VICTORIA FALLS AND CHOBE NATIONAL PARK
VICTORIA FALLS, LIVINGSTON: JAN 2007
January 2007 - wow! Seems like yesterday everyone when was worried about Y2K! Everyone here says that Vic Falls is a ‘must see’ so we decide to head in that direction. We leave on a rainy day along with another car with Claire and Kelly (2 colleagues) and Claire’s mother and aunt visiting from Canada.
I still have to adjust to “Africa thinking” - we had assumed that the road connecting the two largest cities in Zambia (and Livingston being a big tourist destination) would be in good repair. Wrong! All roads in Zambia are 2 lane except for a short stretch outside Lusaka, so that was no surprise. About half the road was OK with pretty good surfacing and shoulders, about one quarter was excellent (you would think it was a road in the US), and the last quarter was terrible filled with rough surfaces, no shoulders and potholes, a few of which could do some serious damage to a car. It is said that this portion of the road is on the list to fix; hmmmm is that like the proverbial check that is in the mail??
Anyway, with great relief we arrived in Livingston after 6 hours at our place for the next 2 nights. In this part of Africa most places to stay are either self camping sites or luxury lodges. This was a refreshing change: we stayed at a lodge on the Maramba River in a safari tent - mounted on concrete with 2 beds, small table and electric light under a thatched roof. One could either prepare their own food or eat at the outside dining area. Monkeys abounded outside our tent and we spent some great time watching their antics in the trees around the tent (and sometimes on top of the tent!) Signs warned of watching out for elephants and crocodiles, but we didn’t see either in the camp.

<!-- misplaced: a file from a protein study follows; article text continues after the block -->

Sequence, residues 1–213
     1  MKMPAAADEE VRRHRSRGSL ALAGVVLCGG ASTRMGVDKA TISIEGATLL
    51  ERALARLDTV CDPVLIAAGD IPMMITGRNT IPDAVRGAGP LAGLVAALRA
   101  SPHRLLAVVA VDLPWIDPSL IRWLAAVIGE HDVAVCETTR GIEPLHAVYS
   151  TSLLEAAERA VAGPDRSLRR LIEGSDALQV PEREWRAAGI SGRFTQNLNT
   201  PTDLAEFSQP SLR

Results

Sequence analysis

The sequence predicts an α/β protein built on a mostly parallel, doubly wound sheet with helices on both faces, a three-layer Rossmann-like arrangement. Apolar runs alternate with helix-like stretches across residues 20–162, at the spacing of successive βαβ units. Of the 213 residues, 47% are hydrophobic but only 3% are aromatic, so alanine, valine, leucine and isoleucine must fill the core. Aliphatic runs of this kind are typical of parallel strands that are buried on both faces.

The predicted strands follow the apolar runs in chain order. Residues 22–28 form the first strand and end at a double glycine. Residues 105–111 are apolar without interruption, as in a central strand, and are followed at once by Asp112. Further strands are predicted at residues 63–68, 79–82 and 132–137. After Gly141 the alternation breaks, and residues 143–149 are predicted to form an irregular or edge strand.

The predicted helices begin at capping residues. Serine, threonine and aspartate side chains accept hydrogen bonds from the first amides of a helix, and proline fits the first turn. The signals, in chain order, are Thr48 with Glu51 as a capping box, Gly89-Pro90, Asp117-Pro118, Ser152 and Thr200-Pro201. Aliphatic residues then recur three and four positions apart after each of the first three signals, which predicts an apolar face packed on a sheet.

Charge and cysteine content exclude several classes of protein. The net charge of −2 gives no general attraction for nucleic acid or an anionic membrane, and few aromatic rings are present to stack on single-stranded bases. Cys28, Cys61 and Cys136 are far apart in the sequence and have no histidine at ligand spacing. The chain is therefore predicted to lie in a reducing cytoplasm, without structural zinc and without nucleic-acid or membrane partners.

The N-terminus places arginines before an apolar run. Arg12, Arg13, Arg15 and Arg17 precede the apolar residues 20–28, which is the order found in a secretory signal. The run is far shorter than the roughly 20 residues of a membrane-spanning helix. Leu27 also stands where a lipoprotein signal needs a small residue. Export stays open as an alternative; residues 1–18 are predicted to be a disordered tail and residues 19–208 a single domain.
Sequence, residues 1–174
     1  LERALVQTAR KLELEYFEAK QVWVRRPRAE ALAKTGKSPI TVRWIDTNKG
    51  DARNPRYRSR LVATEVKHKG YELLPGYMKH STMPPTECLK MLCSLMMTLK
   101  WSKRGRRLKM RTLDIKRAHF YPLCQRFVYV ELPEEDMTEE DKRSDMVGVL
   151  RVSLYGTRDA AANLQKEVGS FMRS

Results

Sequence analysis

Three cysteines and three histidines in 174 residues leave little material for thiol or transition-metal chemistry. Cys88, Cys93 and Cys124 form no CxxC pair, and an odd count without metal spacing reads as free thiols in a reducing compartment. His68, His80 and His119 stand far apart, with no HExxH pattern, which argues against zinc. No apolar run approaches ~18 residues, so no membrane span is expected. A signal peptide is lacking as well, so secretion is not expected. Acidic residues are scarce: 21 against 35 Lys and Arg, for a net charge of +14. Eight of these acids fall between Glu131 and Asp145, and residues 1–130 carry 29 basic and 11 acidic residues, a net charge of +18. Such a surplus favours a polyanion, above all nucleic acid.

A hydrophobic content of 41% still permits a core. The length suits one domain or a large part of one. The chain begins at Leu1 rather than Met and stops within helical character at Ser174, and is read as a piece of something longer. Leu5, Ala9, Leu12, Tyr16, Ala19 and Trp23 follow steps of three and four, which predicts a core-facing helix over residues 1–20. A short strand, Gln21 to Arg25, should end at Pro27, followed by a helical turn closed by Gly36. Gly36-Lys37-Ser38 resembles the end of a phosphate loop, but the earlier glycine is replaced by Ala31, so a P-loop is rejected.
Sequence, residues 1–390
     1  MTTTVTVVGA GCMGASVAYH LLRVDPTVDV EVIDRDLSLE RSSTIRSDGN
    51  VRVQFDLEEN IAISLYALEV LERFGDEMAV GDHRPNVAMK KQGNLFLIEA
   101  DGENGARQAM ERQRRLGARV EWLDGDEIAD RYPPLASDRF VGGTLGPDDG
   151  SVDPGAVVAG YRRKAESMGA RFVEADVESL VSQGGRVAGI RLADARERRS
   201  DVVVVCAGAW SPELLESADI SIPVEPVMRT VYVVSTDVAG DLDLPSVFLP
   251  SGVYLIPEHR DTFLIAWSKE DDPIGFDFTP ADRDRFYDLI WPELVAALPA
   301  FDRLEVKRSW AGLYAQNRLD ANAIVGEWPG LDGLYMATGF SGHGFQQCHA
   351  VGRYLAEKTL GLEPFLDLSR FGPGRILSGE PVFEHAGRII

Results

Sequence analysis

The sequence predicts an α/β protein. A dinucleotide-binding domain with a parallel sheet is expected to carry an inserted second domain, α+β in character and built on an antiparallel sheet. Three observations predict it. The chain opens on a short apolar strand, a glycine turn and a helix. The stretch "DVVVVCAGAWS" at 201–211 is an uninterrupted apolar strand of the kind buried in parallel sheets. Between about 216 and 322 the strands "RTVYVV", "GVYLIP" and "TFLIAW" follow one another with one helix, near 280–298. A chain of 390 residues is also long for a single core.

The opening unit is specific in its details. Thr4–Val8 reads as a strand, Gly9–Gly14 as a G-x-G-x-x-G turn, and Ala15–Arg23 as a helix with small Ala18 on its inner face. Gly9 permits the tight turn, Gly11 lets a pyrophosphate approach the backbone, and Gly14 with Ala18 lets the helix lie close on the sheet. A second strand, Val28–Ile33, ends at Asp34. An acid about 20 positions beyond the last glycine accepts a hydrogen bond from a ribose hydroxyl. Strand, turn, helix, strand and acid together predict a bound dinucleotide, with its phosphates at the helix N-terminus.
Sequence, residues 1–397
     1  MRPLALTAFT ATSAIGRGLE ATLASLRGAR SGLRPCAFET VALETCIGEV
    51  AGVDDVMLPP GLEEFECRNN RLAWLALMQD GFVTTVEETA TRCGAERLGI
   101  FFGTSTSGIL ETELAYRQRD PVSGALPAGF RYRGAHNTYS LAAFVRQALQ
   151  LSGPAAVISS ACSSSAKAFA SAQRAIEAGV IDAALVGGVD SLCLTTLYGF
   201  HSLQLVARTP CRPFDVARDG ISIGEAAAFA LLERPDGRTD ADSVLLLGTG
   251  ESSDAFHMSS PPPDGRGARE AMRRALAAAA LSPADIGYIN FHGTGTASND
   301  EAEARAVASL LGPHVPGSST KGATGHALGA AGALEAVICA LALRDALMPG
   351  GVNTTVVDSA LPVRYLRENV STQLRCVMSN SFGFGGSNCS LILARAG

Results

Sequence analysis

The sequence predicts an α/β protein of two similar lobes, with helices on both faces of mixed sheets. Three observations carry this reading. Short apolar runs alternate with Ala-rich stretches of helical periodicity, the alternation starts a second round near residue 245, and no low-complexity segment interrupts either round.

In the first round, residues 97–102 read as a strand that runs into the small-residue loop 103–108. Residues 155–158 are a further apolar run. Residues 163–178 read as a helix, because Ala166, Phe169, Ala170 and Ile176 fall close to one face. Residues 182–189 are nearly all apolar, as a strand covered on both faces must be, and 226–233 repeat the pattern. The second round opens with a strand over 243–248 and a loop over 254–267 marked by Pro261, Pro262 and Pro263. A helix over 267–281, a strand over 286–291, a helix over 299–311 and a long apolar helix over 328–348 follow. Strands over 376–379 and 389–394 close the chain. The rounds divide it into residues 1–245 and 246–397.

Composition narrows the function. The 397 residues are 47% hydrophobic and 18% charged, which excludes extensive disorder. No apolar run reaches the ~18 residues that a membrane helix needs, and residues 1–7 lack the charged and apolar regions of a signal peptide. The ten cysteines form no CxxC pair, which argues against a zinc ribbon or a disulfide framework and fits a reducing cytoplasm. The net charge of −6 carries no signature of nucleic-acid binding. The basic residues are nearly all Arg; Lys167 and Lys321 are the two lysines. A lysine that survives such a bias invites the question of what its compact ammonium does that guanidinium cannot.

We could see the spray from the Victoria Falls long before we arrived there. The “Water that Thunders” in an African language is appropriate. We saw the falls at a good time of year - in dry season there is not much water flow and after the full rainy season the falls are so heavy that you can’t see much through the mist. It is an all inclusive sensory experience, the water thunders, the mist soaks you and it’s hard to believe that the quantity of water just keeps falling and falling and falling.
We had thought about taking a helicopter ride over the falls, but then the opportunity of a ride in an microlight aircraft presented itself - not a hard choice! Billy, Ann and Claire arrived early one morning all primed for our ride - a beautiful day presented itself with blue sky and a few puffy clouds. Running late we waited somewhat patiently for our turns. There were 2 microlight aircraft each with one pilot and one seat for a passenger. Finally it’s my turn - decked out in a one-piece flying suit - one size fits all that makes me feel like a clown in a saggy baggy suit, but once up in the air am grateful for the wind and cold protection. The aircraft runs down the grass/dirt runway and lifts up into the air. We circle the field and head out over the river and up to the falls - now this is the way to see the falls! We are above the rainbow made by the spray of the falls, we can see the entire expanse of the falls and the gorge leading out of the falls, the wind roars around us as we float up and down, side to side moving with the air currents. We circle around the falls on both the Zambian and Zimbabwean sides and just watch in amazement as the water cascades down the cliff sending up plumes of spray and then roars down the gorge. It is over much too soon and we head back to the runway - on the way back we get an unexpected gift of the sight of 6 or 7 elephants crossing the river upstream from the falls.
We take a dinner cruise up the Zambian river - it’s a relaxing couple of hours watching the river ease by and catching glimpses of hippos and elephants. I wonder what it was like for the first people to be on this gentle river with no idea that the gigantic falls are just a ways ahead!
Livingston is turning into an adventure vacation spot. There is bungee jumping off the bridge above the falls, zip-lines over another part of the gorge, gorge swings, jet boats and other. We walked out onto the bridge and watched the bungee jumpers - NOT for me! The thought of throwing myself off a bridge with a big rubber band tied around my ankles is not my idea of fun.